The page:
Make sure there are no typos and errors in the copy on the page, that all the links work, and that you’re tracking conversions from this page. You want to know what you may be doing wrong, as well as what you’ve done right.

Software aids to the rescue

If you’ve come this far, you’re likely already thinking about the amount of time doing all of this will take. Luckily, smart marketers and software techs have solved some of these issues for you.

The easiest thing to automate is sending out all these emails.

You can use ESPs like Campaign Monitor or Buzzstream, for example.

The main thing to automate is the send part. You don’t need to be clicking send thousands of times.

The main thing not to automate is your customer service responses. Sure, you can have general automated responses, like, “Thank you for contacting us,” but you also need to have a human who’ll sift through all that.

Make sure your customers feel like they’re dealing with humans, not robots.

Make subscribing easy and worth their while.

Getting people to subscribe to your list won’t always be simple. You can try pop-ups, paid ads, CTAs, and you can also offer gated content that’ll require a sign-up.

However, making people feel forced to give an email address just to be able to access something will often mean they’ll unsubscribe after they get what they want.

Which is why you need to make them feel like a part of an exclusive club.

Offer email-only discounts, email-only offers, personalized recommendations, tailor-made shopping guides, additional information on your products—anything that you don’t offer on the website, but that can make someone want to stay a member of the club.

Offer email-only discounts, email-only offers, personalized recommendations, tailor-made shopping guides, additional information on your products—anything that you don’t offer on the website, but that can make someone want to stay a member of the club.

Offer email-only discounts, email-only offers, personalized recommendations, and tailor-made shopping guides on your first promo email.

Write guides and articles that you only send to your subscribers, which provide value. No one will read an email if they’re not interested. They might stay subscribed, but that’s not the point.

Rely on mediums other than email.

Marketing your email list through media other than email is also a good practice. Include subscription links at the ends of blog posts you write for others in the industry or to social media blasts and YouTube videos.

Be active on forums and in communities that host your target audience. Start a blog on Medium (which is a sound content marketing technique in its own right) and market your newsletter (or whatever you’d like to call it) there as well.

Naturally, this approach will work better in certain lines of business, so make sure you explore how viable it can be before you actually start doing it.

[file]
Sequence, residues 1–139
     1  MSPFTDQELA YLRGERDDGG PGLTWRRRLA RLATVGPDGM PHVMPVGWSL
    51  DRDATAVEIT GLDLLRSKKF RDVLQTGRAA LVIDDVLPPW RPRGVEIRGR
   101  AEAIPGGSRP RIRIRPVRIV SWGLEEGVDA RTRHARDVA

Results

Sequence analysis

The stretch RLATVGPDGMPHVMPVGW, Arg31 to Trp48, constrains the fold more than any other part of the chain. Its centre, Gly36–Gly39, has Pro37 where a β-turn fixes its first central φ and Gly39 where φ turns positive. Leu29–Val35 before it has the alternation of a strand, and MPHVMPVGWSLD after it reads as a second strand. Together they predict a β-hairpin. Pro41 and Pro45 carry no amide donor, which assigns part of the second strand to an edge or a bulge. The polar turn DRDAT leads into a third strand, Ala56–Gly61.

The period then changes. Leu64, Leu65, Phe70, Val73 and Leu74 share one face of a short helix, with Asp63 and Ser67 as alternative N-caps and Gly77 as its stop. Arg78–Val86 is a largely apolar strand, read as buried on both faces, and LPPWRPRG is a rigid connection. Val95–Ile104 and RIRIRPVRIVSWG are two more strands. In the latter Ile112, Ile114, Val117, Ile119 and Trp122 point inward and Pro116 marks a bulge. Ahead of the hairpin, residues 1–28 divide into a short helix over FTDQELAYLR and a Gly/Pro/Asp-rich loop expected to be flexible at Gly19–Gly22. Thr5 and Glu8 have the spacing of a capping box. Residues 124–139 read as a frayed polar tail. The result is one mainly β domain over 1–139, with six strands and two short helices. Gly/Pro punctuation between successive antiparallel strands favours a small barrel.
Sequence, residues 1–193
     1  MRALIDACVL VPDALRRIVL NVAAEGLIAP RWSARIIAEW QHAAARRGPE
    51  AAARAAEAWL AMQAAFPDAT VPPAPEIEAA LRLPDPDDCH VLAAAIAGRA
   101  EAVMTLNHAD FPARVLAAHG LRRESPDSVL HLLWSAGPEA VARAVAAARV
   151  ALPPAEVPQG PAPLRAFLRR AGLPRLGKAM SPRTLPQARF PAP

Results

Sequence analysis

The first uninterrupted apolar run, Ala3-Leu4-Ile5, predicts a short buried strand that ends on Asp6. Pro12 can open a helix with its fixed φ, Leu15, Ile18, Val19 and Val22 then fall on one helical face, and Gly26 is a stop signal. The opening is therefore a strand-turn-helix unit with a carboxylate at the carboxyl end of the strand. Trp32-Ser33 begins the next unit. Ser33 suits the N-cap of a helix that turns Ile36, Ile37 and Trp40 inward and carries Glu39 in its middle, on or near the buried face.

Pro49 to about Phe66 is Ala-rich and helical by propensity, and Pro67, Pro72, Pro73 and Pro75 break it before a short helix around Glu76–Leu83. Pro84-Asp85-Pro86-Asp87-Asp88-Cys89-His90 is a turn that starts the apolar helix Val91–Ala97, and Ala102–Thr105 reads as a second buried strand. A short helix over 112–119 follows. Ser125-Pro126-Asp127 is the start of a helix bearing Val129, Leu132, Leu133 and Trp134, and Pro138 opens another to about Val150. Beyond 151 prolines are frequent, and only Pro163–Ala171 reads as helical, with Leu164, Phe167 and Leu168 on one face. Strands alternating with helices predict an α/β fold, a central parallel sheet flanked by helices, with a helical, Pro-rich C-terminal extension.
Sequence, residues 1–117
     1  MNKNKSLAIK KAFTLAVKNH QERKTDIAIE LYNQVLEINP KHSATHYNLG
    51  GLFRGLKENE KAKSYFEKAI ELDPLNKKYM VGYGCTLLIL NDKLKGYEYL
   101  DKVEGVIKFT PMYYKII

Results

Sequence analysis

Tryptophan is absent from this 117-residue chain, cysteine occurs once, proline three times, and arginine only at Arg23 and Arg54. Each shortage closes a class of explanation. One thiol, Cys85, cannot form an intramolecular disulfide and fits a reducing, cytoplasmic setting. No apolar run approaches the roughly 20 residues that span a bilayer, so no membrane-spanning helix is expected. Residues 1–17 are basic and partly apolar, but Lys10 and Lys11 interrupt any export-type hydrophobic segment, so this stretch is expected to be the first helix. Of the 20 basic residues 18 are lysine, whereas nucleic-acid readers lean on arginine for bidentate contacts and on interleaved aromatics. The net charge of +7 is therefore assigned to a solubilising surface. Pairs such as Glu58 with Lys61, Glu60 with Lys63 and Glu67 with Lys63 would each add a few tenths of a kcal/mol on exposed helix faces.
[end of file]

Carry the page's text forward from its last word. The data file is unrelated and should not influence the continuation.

Lend a helping hand.

Finally, let’s talk a bit about cross-promotion.

If you can find a company that’s complementary to yours (i.e., not your direct competitor in any way), you can easily find a way to help each other out. If you sell shoes and they sell socks, the partnership is only natural.

Not only you can use each other’s lists (not in the sense of taking their list and sending all of the emails, but having them promote you through their own list), but you can learn a lot about the tactics that have worked well for them and try to adopt some of them too.

As new leads start pouring in, you’ll also likely become aware of new target audiences that you haven’t considered before, but are very keen on jumping on board as well.

Wrap up

Let’s recap: Having an email list is important. Segmenting it and personalizing it is just as important.

As with every other marketing tactic, the more research and prep work you do, the better the results should be. Don’t rely on strength in numbers alone—there’s something to be said for quality, too. So, go ahead and send that first promo email—the first of many more.

 

Deana Kovač is an internet marketing specialist at Point Visible, a digital agency providing custom blogger outreach services. In her free time, she enjoys listening to music and singing karaoke. Also, her day just can’t start without a hot cup of coffee.

This blog provides general information and discussion about email marketing and related subjects. The content provided in this blog ("Content”), should not be construed as and is not intended to constitute financial, legal or tax advice. You should seek the advice of professionals prior to acting upon any information contained in the Content. All Content is provided strictly “as is” and we make no warranty or representation of any kind regarding the Content.